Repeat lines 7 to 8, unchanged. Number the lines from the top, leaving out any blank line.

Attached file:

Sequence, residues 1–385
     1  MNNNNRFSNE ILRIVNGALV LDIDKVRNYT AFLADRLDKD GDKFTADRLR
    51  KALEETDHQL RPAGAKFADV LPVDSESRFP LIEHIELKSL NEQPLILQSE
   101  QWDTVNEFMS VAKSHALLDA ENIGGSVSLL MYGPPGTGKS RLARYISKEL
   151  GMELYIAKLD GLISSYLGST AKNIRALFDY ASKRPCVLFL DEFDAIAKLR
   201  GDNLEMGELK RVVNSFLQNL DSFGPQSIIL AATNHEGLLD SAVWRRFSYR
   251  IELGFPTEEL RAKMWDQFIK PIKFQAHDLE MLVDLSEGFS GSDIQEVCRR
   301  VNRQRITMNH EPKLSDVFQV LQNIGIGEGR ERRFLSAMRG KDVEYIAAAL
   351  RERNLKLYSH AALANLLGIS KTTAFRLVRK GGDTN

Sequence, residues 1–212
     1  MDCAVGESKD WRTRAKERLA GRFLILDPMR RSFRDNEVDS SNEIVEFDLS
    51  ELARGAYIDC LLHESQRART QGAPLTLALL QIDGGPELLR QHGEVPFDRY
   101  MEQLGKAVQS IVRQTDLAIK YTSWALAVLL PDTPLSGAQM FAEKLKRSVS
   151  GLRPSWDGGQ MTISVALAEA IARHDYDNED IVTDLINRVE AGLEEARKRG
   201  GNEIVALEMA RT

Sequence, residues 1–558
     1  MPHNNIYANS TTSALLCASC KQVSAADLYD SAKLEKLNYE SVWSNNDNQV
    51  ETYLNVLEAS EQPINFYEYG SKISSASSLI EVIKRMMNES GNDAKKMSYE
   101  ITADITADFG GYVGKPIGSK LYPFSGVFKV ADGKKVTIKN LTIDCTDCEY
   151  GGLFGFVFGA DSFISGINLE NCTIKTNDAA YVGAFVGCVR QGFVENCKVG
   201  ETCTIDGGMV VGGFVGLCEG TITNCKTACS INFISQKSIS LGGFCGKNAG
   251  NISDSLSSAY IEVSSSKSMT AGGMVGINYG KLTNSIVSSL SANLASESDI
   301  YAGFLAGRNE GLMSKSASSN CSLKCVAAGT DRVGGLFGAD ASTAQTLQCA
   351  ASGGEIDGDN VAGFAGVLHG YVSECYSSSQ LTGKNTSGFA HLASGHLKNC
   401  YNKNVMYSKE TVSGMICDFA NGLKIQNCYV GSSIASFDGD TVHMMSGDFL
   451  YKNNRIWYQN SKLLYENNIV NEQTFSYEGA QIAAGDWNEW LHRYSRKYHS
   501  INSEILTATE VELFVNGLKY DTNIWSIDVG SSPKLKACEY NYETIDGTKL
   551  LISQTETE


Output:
   251  IELGFPTEEL RAKMWDQFIK PIKFQAHDLE MLVDLSEGFS GSDIQEVCRR
   301  VNRQRITMNH EPKLSDVFQV LQNIGIGEGR ERRFLSAMRG KDVEYIAAAL